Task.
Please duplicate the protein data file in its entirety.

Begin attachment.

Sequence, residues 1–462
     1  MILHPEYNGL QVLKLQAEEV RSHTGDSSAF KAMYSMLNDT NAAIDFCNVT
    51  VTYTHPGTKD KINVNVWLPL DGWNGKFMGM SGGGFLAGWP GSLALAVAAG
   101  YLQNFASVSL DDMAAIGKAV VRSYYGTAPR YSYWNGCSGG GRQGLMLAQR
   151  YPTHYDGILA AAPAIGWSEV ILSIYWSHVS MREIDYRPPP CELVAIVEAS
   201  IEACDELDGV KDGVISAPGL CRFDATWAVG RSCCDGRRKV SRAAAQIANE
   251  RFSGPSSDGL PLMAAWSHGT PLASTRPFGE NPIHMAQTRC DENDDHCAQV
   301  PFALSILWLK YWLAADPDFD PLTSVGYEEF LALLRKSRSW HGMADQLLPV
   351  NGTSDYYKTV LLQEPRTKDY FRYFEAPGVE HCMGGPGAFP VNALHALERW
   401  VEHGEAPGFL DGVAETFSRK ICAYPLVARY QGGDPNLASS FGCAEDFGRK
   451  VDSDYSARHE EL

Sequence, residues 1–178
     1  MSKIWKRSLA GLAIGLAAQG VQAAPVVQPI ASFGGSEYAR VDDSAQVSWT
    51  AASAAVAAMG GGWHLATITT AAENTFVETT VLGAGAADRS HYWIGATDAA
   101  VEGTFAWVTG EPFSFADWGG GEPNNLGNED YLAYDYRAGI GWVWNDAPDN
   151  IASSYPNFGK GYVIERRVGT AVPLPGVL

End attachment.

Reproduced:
Sequence, residues 1–462
     1  MILHPEYNGL QVLKLQAEEV RSHTGDSSAF KAMYSMLNDT NAAIDFCNVT
    51  VTYTHPGTKD KINVNVWLPL DGWNGKFMGM SGGGFLAGWP GSLALAVAAG
   101  YLQNFASVSL DDMAAIGKAV VRSYYGTAPR YSYWNGCSGG GRQGLMLAQR
   151  YPTHYDGILA AAPAIGWSEV ILSIYWSHVS MREIDYRPPP CELVAIVEAS
   201  IEACDELDGV KDGVISAPGL CRFDATWAVG RSCCDGRRKV SRAAAQIANE
   251  RFSGPSSDGL PLMAAWSHGT PLASTRPFGE NPIHMAQTRC DENDDHCAQV
   301  PFALSILWLK YWLAADPDFD PLTSVGYEEF LALLRKSRSW HGMADQLLPV
   351  NGTSDYYKTV LLQEPRTKDY FRYFEAPGVE HCMGGPGAFP VNALHALERW
   401  VEHGEAPGFL DGVAETFSRK ICAYPLVARY QGGDPNLASS FGCAEDFGRK
   451  VDSDYSARHE EL

Sequence, residues 1–178
     1  MSKIWKRSLA GLAIGLAAQG VQAAPVVQPI ASFGGSEYAR VDDSAQVSWT
    51  AASAAVAAMG GGWHLATITT AAENTFVETT VLGAGAADRS HYWIGATDAA
   101  VEGTFAWVTG EPFSFADWGG GEPNNLGNED YLAYDYRAGI GWVWNDAPDN
   151  IASSYPNFGK GYVIERRVGT AVPLPGVL